When you pray and ask Jesus to rescue you, the resulting relationship is personal.
So is the resulting “religion”.  Everything is highly individualized.
You have “personal devotions”.  Private Bible reading.  Private prayer.  You can worship Jesus if you want, when you want, and however you want.
Connection with others might be desirable, but it’s optional.  Your relationship with Jesus is personal.  Others aren’t in on it and don’t need to be.  Connection with others, accountability to others, working toward a goal with others – that’s all optional.  If you find it fulfilling – connect with others.  If not – you still have your personal relationship with Jesus and that’s what REALLY matters.

That’s very American because individualism is very American.  But I don’t think these ideas represent at all what Christianity was intended to be.

God always builds a covenant relationship with a group of people.
It is difficult for spiritual growth to take place in isolation from others.
It is not good for man (or woman) to be alone.  (And God said this when he and Adam had a “personal relationship”;  Adam was still seen as being alone and in need of others.)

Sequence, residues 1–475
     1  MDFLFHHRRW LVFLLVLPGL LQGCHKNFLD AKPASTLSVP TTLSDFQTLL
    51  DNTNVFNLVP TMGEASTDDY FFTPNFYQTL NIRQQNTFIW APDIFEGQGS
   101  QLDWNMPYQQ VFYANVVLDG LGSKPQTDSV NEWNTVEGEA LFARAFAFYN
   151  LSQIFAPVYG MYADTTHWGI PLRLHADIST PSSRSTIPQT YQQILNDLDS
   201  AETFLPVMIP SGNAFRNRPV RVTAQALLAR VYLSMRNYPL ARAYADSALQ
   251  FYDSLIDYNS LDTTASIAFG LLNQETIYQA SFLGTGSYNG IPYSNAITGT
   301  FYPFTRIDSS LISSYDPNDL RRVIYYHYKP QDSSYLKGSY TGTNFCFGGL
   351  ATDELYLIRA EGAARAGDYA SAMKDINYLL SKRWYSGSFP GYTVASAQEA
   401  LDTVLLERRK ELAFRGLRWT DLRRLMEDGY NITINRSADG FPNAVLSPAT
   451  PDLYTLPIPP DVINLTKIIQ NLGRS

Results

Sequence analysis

The greatest commandment is to love the Lord your God with all that you are – but Jesus insisted on connecting a second commandment to it and said that commandment was “like” the first: love your neighbor as you love yourself.
By this will all men know that you are my disciples – if you have love for one another.

Love, by default, requires interaction with other people.

When God created the nation of Israel, He gave them the law – governing how they were to be a good and godly society amidst ancient near eastern culture;  governing not only how they lived toward God but how they lived with respect to one another.  And God wanted to dwell in the midst of them.  He was the center and the core, the hub of life, that directed all other relationships.  It wasn’t optional.  The entire design was oriented to that purpose.